Chapter 6. Using the Network with Macintosh Computers
The first part of this book was all about setting up your home network: buying and installing routers and network adapters, getting all your Macs onto the Internet, and generally learning how to bask in the glory of being a home network maestro. Now that your Macs can communicate with the world at large, it’s time to learn how to get them talking to each other. This chapter walks you through how to configure your Macs so that you can copy files from one machine to another (just as you’d drag files between folders on your own Mac), store your own files on any Mac in the house (while preventing others from gaining access to your stuff), and share printers among all your computers.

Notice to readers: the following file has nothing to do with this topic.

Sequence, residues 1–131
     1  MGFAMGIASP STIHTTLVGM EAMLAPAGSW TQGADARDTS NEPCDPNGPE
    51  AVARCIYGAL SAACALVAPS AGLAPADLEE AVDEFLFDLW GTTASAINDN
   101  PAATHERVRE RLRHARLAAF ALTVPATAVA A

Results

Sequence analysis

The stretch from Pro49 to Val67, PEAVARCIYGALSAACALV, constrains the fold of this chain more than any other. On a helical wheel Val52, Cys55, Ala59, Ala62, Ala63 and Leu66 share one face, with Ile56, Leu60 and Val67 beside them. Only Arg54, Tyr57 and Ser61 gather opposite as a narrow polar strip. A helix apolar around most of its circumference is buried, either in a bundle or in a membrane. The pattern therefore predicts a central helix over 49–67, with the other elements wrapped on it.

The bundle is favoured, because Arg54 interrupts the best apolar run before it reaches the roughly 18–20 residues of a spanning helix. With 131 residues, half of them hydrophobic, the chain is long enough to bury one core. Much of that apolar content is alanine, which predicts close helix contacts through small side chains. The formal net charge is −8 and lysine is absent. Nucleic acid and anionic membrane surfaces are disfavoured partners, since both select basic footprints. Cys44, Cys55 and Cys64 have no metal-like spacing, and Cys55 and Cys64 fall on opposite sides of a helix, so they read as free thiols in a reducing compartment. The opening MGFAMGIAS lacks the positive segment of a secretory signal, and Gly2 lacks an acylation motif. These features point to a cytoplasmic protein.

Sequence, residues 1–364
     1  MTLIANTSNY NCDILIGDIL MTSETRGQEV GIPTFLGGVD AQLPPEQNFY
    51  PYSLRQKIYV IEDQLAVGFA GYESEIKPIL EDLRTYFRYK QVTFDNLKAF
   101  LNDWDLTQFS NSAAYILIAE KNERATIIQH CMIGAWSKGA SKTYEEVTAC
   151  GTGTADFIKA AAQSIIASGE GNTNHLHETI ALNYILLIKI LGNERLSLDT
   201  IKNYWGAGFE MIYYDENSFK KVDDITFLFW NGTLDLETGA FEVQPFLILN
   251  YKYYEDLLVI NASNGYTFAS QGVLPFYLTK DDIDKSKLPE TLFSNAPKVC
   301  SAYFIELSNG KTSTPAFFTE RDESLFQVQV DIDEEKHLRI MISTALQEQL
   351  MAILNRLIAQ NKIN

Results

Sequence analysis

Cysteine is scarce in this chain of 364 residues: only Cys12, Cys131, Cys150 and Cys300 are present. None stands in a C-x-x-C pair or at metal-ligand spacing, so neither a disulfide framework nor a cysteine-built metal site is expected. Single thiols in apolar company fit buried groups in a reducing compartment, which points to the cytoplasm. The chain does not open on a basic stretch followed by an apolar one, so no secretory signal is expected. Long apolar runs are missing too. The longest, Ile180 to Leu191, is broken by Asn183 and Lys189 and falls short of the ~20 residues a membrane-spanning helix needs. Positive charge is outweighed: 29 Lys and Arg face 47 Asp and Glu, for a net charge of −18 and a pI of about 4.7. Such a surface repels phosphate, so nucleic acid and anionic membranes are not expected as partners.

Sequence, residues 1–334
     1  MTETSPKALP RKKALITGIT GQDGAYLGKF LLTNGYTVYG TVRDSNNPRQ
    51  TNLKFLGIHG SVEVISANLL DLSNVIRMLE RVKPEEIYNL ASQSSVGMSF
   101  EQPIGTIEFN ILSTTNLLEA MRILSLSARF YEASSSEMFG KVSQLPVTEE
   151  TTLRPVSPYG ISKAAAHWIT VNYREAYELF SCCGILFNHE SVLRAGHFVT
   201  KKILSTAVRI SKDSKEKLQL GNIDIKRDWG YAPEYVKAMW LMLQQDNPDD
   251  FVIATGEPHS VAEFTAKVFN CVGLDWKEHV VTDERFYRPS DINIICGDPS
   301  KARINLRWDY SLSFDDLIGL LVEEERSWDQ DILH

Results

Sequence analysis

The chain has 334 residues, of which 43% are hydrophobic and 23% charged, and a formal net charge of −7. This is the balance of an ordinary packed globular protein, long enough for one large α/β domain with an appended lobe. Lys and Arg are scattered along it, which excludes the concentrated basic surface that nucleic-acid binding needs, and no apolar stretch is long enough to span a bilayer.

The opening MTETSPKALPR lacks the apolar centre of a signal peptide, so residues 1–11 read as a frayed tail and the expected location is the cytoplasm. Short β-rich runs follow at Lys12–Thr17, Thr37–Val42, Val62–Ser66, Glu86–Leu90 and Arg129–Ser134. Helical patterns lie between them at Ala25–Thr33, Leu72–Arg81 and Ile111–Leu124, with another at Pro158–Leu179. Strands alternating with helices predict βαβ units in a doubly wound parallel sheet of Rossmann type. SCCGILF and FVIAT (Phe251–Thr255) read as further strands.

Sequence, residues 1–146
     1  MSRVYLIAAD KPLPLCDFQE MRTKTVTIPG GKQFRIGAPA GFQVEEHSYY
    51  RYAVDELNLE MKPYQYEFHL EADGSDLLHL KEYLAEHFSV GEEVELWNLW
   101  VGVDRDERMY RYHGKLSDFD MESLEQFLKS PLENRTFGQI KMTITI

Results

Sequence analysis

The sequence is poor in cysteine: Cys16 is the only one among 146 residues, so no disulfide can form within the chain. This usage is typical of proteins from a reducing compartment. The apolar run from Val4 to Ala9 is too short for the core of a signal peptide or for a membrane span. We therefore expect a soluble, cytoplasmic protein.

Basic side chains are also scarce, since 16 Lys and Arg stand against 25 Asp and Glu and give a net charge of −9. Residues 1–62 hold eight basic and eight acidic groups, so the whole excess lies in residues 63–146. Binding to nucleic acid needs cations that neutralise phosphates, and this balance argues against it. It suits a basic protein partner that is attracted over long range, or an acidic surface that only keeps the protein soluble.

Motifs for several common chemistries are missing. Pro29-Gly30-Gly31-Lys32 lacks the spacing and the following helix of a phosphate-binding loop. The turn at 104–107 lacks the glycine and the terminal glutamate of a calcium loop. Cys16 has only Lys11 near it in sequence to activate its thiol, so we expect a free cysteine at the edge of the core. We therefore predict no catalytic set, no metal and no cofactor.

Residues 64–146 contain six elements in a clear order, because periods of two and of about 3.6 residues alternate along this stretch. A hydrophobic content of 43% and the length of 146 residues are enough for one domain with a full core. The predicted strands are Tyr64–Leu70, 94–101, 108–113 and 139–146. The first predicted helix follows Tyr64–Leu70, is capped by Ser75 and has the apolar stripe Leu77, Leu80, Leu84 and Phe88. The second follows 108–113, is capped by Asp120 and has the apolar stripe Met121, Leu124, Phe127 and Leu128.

In Mac OS X, you can even connect to Windows machines without having to buy any additional software. To learn about that trick, see Chapter 7.
Best of all, the software you need to make this happen is built into Mac OS X (and, in some cases, Mac OS 9). Getting your Macs ready to go requires three main steps:
Naming the Macs and people on your network. Every computer needs a name. And, in many cases, you’ll want to create user accounts for everyone on each Mac you want them to access. You’ll learn more about about computer names and user accounts in this chapter, but user accounts in particular are a great way to keep everyone’s stuff private and looking the way they want it to look.
Designating what you want to share with others. The second part of ...